- HDS is delivered through port 80 so all the firewall issues we’ve had in the past are gone. Hurray!
- Multi-bitrate support means better network efficiency. Bitrate switching works “mid-stream” as mobile users move from wi-fi to cellular networks.
- Better bandwidth control. Real-time streams demand dedicated bandwidth. HDS is managed as downloaded files on the network so latency can be a little more forgiving.
- Seeking within the video. HDS allows the user to seek to any point of the video without having to download the entire clip.
- A future release of Adobe’s HDS will include iOS support. This will allows us to serve a single set of video files to all platforms. This one is huge! Who wants to maintain a 2nd sever and an extra set of media to serve to iPhones and iPads? Not me!
I’m happy to see Adobe build tools to support HTTP Streaming. Hopefully we’ll see additional features added to the Creative Suite that will help make packaging HDS content easier.
I’ve had the opportunity to read the H.264/AVC licensing summary (PDF file), and then request the official AVC Patent Portfolio Licensing document. It arrived a few days later and I’ve had the opportunity to read the whole text when I’ve had free time during the last couple of months. The document outlines the official terms and conditions for using the H.264 video codec. It’s been a very interesting read (the whole set of documents is about 118 pages). Here’s what I’ve gathered in reading the document and doing a little research online:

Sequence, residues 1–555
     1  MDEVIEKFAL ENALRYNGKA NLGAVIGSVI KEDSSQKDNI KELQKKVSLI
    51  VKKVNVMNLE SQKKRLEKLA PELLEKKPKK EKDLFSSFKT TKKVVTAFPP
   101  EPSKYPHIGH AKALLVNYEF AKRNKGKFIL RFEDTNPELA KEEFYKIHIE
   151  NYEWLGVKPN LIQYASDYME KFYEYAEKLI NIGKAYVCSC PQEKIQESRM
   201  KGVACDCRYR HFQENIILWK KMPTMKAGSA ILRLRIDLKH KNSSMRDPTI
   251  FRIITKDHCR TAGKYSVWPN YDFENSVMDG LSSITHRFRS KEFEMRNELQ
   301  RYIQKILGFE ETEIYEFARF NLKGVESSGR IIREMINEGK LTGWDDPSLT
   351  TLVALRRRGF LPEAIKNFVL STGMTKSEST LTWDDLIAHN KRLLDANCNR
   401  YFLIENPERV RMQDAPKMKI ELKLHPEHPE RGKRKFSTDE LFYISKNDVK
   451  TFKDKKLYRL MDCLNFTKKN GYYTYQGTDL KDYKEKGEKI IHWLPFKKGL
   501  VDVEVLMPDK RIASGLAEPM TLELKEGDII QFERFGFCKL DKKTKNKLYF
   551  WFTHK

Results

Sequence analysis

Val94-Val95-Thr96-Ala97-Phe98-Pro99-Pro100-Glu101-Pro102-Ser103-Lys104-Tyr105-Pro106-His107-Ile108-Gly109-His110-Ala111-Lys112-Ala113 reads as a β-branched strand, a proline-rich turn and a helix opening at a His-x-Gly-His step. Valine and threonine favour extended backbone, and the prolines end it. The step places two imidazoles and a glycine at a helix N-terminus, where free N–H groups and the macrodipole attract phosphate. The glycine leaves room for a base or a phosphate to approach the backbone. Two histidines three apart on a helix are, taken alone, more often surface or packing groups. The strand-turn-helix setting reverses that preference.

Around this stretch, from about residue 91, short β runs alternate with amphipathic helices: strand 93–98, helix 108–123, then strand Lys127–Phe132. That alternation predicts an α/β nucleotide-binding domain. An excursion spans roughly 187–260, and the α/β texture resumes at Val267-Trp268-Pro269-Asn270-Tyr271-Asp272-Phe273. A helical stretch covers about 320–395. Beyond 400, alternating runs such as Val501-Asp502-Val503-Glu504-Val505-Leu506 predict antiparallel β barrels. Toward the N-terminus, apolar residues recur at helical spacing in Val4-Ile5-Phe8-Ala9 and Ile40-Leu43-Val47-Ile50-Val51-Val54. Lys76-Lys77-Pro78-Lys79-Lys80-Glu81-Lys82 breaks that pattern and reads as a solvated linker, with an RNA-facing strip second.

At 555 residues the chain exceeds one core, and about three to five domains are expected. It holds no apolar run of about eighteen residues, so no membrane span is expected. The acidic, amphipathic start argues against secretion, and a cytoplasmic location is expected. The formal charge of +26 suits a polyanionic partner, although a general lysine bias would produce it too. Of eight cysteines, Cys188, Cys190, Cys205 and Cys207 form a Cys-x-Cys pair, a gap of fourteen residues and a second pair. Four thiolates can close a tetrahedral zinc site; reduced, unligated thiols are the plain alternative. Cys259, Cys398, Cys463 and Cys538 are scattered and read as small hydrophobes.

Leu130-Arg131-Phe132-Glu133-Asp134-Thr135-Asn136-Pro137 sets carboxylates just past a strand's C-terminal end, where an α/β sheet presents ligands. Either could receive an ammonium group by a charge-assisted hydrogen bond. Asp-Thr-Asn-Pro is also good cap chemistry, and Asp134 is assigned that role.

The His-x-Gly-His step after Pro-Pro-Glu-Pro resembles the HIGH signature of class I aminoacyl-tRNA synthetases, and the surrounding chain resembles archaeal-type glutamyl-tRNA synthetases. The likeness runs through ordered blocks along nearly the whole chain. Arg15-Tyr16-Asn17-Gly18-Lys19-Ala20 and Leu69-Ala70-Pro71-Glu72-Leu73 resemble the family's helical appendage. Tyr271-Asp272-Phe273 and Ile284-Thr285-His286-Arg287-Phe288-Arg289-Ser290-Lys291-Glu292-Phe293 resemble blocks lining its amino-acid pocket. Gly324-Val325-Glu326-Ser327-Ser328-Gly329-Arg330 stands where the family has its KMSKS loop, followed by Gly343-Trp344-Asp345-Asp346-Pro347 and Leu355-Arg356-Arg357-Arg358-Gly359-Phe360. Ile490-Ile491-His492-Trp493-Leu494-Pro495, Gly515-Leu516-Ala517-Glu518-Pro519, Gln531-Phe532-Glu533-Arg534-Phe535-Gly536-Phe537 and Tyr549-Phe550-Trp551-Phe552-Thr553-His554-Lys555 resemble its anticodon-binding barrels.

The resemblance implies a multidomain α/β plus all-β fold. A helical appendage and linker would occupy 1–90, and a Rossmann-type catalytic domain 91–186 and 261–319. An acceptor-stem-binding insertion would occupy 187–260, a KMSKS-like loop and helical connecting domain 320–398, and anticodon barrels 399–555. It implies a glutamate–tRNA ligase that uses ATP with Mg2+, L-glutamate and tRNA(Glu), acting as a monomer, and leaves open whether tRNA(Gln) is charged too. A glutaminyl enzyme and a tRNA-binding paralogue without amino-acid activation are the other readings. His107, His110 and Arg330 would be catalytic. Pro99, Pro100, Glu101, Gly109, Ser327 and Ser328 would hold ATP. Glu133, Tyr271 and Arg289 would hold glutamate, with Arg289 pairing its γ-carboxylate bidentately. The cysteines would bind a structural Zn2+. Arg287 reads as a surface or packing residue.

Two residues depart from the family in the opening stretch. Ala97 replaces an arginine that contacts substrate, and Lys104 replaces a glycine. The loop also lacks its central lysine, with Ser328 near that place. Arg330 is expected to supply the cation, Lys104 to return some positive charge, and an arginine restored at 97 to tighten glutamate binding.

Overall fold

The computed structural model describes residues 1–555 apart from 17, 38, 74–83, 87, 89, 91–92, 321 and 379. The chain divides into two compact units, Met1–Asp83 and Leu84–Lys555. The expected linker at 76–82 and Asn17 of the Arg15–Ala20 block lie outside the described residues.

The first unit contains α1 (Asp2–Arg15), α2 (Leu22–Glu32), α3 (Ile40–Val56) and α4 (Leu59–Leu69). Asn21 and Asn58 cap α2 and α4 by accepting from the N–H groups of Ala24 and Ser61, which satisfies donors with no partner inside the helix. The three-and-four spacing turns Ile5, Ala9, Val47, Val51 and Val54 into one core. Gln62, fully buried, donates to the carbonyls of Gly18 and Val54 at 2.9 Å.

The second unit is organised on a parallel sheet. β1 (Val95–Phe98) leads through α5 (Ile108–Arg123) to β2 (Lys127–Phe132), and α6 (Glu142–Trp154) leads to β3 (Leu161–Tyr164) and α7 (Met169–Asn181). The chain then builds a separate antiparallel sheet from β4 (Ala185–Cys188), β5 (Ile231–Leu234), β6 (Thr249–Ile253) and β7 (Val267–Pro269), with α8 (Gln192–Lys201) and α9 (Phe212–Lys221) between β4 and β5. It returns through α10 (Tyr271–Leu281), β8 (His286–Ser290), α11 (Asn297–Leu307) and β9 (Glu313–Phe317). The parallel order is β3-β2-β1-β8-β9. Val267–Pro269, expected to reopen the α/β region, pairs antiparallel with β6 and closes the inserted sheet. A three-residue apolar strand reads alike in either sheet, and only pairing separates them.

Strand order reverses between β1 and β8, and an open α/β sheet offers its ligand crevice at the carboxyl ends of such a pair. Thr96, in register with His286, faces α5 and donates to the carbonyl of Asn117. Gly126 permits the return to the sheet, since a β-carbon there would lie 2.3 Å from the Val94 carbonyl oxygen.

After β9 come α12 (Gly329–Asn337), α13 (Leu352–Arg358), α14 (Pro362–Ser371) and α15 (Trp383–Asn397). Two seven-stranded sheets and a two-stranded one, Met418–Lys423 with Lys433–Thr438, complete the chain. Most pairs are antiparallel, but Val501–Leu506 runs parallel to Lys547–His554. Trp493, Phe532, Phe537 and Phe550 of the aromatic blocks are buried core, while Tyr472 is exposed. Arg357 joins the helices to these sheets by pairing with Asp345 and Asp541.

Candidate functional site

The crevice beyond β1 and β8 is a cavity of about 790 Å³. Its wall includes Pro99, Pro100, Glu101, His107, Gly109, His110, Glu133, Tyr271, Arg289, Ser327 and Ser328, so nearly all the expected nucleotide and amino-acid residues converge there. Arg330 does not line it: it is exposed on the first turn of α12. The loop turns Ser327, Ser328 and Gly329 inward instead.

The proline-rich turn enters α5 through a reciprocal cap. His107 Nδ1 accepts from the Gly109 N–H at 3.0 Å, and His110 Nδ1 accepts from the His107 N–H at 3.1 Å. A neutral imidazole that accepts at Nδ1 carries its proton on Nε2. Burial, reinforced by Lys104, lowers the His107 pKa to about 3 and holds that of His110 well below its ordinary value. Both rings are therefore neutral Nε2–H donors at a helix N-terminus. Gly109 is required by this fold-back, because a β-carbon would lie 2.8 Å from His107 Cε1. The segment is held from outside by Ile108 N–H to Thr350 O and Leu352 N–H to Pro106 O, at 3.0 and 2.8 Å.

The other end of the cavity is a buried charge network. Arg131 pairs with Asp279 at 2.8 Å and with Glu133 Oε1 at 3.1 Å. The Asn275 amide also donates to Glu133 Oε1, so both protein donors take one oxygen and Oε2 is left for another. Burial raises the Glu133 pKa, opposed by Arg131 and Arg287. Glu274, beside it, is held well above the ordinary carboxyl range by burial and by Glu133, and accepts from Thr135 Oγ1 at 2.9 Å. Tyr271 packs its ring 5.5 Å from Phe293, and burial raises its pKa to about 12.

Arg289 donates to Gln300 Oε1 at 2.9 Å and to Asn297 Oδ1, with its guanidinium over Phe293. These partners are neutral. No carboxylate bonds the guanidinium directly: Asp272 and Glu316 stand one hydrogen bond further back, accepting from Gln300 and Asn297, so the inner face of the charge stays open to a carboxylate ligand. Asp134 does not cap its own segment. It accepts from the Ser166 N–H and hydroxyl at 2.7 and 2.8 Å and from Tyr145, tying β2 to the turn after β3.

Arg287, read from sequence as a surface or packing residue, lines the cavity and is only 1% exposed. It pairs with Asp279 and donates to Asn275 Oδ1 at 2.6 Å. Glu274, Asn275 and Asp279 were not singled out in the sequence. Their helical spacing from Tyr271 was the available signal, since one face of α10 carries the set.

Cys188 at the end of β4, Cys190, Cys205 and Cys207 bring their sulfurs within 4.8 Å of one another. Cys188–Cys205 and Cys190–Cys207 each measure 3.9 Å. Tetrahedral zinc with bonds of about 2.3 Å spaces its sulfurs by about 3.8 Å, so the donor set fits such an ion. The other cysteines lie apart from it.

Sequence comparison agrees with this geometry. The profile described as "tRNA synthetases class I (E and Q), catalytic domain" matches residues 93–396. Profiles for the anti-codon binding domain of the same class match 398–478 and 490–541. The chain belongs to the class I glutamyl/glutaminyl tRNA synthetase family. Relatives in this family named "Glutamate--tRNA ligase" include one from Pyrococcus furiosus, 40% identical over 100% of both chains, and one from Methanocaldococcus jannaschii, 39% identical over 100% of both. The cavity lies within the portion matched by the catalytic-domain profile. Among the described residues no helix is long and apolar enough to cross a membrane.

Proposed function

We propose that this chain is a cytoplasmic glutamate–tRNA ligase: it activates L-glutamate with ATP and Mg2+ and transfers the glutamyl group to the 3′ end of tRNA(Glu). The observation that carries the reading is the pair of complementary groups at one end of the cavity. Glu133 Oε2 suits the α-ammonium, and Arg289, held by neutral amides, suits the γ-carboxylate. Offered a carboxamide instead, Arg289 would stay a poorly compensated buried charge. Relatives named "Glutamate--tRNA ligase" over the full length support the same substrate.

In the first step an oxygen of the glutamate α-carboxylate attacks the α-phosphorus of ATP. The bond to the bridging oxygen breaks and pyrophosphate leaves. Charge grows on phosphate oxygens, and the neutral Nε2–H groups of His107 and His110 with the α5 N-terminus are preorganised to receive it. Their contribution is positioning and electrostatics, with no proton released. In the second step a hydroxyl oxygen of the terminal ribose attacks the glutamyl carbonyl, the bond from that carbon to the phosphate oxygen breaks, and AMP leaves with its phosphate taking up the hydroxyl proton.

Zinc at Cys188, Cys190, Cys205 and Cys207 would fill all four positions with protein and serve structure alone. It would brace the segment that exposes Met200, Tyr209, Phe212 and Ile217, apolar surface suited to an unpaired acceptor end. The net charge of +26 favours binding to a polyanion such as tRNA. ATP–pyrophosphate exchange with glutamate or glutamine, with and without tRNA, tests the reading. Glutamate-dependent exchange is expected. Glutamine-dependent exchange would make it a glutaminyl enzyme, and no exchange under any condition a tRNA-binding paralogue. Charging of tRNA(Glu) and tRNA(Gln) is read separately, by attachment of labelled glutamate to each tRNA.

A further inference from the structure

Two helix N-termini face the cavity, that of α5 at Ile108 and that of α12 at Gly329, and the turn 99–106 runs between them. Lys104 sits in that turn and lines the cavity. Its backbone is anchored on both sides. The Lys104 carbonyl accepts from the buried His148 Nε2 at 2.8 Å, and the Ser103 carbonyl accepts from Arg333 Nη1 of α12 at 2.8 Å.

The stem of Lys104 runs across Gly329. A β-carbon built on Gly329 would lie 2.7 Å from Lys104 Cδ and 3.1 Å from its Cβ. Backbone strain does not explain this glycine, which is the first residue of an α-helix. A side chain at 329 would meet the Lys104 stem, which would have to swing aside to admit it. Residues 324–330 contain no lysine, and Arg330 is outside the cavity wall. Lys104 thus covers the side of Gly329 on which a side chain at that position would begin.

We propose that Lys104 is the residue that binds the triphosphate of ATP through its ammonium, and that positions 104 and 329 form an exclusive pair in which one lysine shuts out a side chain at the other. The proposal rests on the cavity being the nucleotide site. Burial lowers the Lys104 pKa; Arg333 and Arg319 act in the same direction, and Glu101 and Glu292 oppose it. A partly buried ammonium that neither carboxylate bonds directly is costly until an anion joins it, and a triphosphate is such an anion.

- H.264 is different than most of the video codecs we use today in that in many instances there’s a royalty fee attached to the viewing of the video.
- I asked the MPEG-LA about any exemptions for non-profit organizations. This was their reply: “All Licensees sign the same AVC License and are subject the same terms, including non-profit organizations.”
- The MPEG-LA (governing body of this license) wants all content producers using H.264 whether you receive remuneration or not from your video to sign the licensing agreement. (See this post by Jan Ozer )
- This is one serious legal document. You should probably have your legal counsel view every detail of this document before you or your institutional representative sign it.
- You may be taking your chances if you’re thinking you can use X.264 without making any kind of royalty payments to the MPEG-LA (See http://www.x264licensing.com/faq and the comments of this post by Jan Ozer ).
- There are a few instances where no royalties are required. They include:
- Making your content freely available on the Internet.
- Videos sold under a Title-by-Title structure that are 12 minutes and under in length.
- Videos sold by a Subscription with under 100,000 subscribers.
Now where does educational content fit in to all of this? Students pay tuition in order to take classes and indirectly pay to view content specific to that class. If that content is in H.264 format and is not freely available on the Internet, which licensing model does it fall under?
In Article 1.43 of the AVC Patent Portfolio License it gives the definition of of Title-by-Title AVC Video as: “Commercial AVC Video which is Sold to an End User in connection with the End User’s request for the specific content represented by the Title of AVC Video and for which and End User is obligated to pay any form of remuneration.”
By-Title could fit if you’re thinking a course is a title and you’re interpreting the collection of videos used in the course as a title.
In Article 1.41 of the same document it gives the definition of Subscription AVC Video: “Commercial AVC Video which is not Title-by-Title AVC Video and for which an End User is obligated to pay any form of remuneration.”